on Feb 28, 2012 at 1:31 pm

The mayor is losing focus.

What we should be concentrating on is finding ways to pay for the health benefits and pensions for our city workers. All this other stuff, such as police, fire, utilities, and street repair are just getting in the way.


Posted by Nice but..., a resident of Crescent Park
on Feb 28, 2012 at 3:57 pm

Timothy Gray mentions "Mega Projects that sneak in under the Planned Community zoning, and violate density restrictions guised as environmentally friendly density near transit hubs. Know that sheep in Wolves clothing."
We'll soon see how he votes on the next 65,000 square foot Mega Project on Alma Street, and whether he tries to trim down the 84 foot high tower, the 5 stories high, reduce the parking shortage etc. and whether he can stand up to the charm and $$$$$ of Jim Baer and the $$$$$ developers.


Posted by graphics, a resident of Southgate
on Feb 28, 2012 at 4:59 pm

[Post removed by Palo Alto Online staff.]


Posted by Council Watcher, a resident of Old Palo Alto
on Feb 28, 2012 at 5:16 pm

The venue/setting for the City's "State of the City" was a poor choice. Many residents are accustomed to hearing and seeing Council activities in their homes. It's not important where meetings are held, but they should be conveniently available to the public through TV and radio. A goal of our Comprehensive Plan is to encourage public participation in local government which must include easy access to such activities.


Posted by Jerry Tinney, a resident of Monroe Park
on Feb 28, 2012 at 8:52 pm

As a native born Palo Altan I am a bit dismayed to find out that mayor has to show the citizens that the condition of our roads is bad, on a computer. If no one can tell that the roads are in poor condition bye looking at them, then they most likely don't need fixing. If this is the only thing our mayor can find to do, maybe it would be better if he just took a day off. The computer can be a wonderful tool but it shouldn't replace common sense.


Posted by Steven, a resident of Charleston Meadows
on Feb 28, 2012 at 9:25 pm

Its good that an Asian-American is mayor. I hope he can do something about the racism in the community. At universities entrance exams we have to get higher scores than White Students for admissions. Chinese language immersion is smaller than French or German or Spanish, although Asians are by far the largest minority now in Palo Alto and growing. Gunn high school is 50 percent Asian and growing fast. However any time there is talk of exam stress it is always said that it is Asian students who are the worse when this is not always the case. The city should reflect the cultural roots of the people who live here not some past population.


Posted by Robert, a resident of Charleston Meadows
on Feb 28, 2012 at 11:49 pm

@Steven of Charleston Meadows

The percentage of Asian students at Gunn is only 40%. I didn't know that. Does this mean 40% of Palo Alto residents are Asian? I don't think so. What kind of racism do you see in the community? BTW, I am Asian but not Chinese.


Posted by The-Taxpayers-Deserve-Better!, a resident of Another Palo Alto neighborhood
on Feb 29, 2012 at 8:58 am

> I don't understand why the Mayor and Council would choose a venue
> for the State of the City speech where it cannot be broadcast on TV.

Ditto.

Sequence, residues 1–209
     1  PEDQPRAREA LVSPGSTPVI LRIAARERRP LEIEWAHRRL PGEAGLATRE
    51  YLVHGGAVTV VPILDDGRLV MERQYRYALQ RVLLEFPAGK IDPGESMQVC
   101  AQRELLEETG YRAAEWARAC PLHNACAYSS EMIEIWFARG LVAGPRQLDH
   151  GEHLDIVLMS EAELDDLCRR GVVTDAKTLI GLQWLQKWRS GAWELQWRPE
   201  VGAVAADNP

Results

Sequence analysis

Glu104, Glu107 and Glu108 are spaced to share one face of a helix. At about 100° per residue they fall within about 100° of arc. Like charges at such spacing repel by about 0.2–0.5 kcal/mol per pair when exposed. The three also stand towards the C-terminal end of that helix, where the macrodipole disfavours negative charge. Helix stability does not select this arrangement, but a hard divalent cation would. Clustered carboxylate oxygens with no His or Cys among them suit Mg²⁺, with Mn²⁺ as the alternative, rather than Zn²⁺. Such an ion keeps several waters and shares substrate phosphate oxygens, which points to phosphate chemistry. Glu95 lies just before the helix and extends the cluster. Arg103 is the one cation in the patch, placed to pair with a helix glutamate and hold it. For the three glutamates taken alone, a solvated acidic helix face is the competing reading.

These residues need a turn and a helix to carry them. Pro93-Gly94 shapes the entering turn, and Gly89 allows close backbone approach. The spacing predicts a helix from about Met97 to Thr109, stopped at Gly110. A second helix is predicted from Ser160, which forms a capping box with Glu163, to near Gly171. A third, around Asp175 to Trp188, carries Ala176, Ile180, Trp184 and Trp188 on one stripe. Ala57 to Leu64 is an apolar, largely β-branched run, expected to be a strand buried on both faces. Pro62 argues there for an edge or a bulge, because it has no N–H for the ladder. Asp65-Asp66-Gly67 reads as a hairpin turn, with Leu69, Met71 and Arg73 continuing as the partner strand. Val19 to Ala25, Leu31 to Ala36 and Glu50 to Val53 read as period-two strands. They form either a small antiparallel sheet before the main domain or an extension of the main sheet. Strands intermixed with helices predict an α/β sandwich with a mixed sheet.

The reasoning for this was clearly to pander to people associated with the Jewish Center. If there were an issue of finding a place to hold such a meeting, that reason should be openly promoted. The public auditorium at the Cubberley Center, which is paid for by the Utility ratepayers, would be a better choice that a facility associated with a religious group. This was a poor decision on the part of the planners of this event.

> The city should reflect the cultural roots of the people
> who live here not some past population.

This is a very odd point-of-view. Chinese are well-known for honoring their ancestors--most definitely a "past population". This young man (most likely) seem to have little insight into the nature of the American experience, which has had its problems, but has tried to create a new society, based on openness, more than closure, based on a governmental structure that is more self-healing-than-not, rather than the closed, elitist oligarchies that have been at the core of China's governmental structures for thousands of years.

This young man seems to have missed the point that at the core of the American experience/experiment is the belief that societies that are "class-free" are more likely to survive into the future, than ultimately collapse under their own weight.

This frequent reference of Yeh's to the increasing Asian population makes one wonder just how much Yeh understands about American history, or his commitment to our form of government, and our long-term efforts to create a "class-free" society.


Posted by neighbor, a resident of another community
on Feb 29, 2012 at 10:09 am

PA Online: Thanks for removing David Pepperdine's previous anti-semitic remarks BUT here we go again....

Note the remark from the writer now called "The Taxpayer's Deserve Better" that the Mayor's venue was chosen " to pander to people associated with the Jewish Center."

Do we hear such charges when the mayor appears at other venues in the community?

If he had appeared at a Presbyterian Church or at a senior center would there be a snide comment? Probably not. But, I'd bet he is being careful not to appear at an Asian school or church and he SHOULDN'T HAVE TO BE since the community has such a significant Asian constituency,

Mayor's --- like all politicians --- speak at constituent venues all the time and THEY SHOULD.


Posted by musical, a resident of Palo Verde
on Feb 29, 2012 at 10:22 am